230 volt question

Discussion in 'Electrical Forum discussion & Blog' started by Duke76, Jul 18, 2009.

  1. Duke76

    Duke76 New Member

    Jul 10, 2007
    I have a 230 volt irrigation pump located on a floating dock on a man-made lake subject to Army Corps of Engineers regulations. Power is supplied from the house to a power pole located on the lakeshore. the pump is wired to the peer pole with a breakaway plug. All has been installed by an electrician. As the lake level drops the dock is pushed further out to the point that I have cannot push it out any further without disconnecting the pump.

    Is a 230 volt "extension cord" an option or would it be too dangerous given the voltage involved ? I can't find any on the Internet so that may be a cle but I thought I'd ask.

    Thank you.
  2. Alectrician

    Alectrician DIY Senior Member

    Jun 15, 2007
    A 230V cord wouldn't be any different than a 120V cord. You would likely have to make one by installing the appropriate cord caps.

    The connections on an extension cord would be very vulnerable to moisture/water. They would be laying on the ground I presume.

    You might want to conside putting a new, longer cord on the pump.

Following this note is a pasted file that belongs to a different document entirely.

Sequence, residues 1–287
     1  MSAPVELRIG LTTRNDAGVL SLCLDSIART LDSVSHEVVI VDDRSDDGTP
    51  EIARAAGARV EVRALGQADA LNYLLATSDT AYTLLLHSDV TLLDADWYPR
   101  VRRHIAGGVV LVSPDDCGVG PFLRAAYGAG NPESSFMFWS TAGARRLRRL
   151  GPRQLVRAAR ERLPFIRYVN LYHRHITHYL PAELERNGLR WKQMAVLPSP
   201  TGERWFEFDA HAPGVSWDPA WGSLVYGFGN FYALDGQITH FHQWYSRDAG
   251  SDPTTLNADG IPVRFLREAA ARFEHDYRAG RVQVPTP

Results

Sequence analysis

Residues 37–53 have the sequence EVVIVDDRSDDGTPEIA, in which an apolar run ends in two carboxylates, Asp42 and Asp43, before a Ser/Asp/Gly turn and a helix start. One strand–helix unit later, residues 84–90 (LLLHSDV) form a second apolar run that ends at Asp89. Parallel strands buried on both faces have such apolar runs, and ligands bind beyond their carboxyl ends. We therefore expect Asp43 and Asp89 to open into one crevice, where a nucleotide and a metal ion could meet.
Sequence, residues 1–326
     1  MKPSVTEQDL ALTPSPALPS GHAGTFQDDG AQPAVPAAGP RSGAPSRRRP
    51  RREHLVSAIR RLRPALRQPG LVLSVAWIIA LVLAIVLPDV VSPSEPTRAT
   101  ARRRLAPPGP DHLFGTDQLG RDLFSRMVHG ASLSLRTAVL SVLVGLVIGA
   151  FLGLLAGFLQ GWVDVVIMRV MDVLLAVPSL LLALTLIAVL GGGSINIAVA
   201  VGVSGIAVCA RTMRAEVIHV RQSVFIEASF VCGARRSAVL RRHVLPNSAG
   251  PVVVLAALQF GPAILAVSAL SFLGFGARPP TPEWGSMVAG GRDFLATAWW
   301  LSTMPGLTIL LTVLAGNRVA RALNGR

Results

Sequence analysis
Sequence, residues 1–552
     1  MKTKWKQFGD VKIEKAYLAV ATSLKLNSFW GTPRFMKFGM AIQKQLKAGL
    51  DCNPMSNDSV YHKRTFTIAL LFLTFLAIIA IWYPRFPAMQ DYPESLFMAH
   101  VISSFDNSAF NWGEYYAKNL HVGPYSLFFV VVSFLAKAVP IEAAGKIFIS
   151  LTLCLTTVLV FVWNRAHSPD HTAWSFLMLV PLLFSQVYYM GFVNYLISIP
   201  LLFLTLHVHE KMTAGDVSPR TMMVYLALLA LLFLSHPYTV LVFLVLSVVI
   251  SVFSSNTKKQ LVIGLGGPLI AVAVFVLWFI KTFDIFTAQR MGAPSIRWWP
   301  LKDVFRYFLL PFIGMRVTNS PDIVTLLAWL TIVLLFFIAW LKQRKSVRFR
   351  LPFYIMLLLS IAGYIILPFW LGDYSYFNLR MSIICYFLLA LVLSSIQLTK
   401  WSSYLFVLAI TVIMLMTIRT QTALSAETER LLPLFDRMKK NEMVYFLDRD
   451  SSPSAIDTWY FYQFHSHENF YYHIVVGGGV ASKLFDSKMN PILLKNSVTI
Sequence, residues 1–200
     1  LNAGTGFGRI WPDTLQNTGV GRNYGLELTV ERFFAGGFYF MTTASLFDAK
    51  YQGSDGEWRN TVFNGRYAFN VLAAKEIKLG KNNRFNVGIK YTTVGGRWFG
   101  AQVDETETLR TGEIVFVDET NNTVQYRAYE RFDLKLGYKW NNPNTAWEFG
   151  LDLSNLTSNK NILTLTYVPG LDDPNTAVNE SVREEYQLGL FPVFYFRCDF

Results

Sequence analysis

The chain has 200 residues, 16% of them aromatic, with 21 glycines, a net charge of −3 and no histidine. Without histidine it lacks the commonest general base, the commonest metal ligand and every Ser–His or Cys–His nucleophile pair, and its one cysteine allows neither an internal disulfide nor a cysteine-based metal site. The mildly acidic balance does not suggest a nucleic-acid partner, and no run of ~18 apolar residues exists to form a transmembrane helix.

I have no idea what the legal limits on something like that would be.
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  4. hj

    hj Moderator & Master Plumber Staff Member

    Aug 31, 2004
    Cave Creek, Arizona

    Depending on the plug and receptacle, a 240 v. room air conditioner extension cord might work.
  5. Duke76

    Duke76 New Member

    Jul 10, 2007
    Thanks for the responses.

    I want to add about 50' of wire. After thinking about some more it is probably best to disconnect the existing wire and put a watertight junction box under the gangway. I can add new wire from the junction box to the pump and have the connection made permanently in the junction box.
  6. Must58GT

    Must58GT New Member

    Jul 19, 2009
    Engineer/Product Manager
    Central Texas
    Irrigation pump on an extension cord?

    Stay away from household/shop extension cords. Use Romex for underground applications or single strand wire and plastic conduit. The wire needs to be rated for the current load (surge/continuous) of the irrigation pump and distance (voltage drop). This website contains a handy reference for wire gauge and load current. And, make sure the circuit is connected to a ground fault circuit breaker in your house. For any outside wiring, especially near water, you don't want to expose yourself or others to an unprotected circuit.
  7. Speedy Petey

    Speedy Petey Licensed Electrical Contractor

    Jun 16, 2007
    Licensed Electrical Contractor
    NY State, USA
    When you say Romex I assume you mean UF cable.
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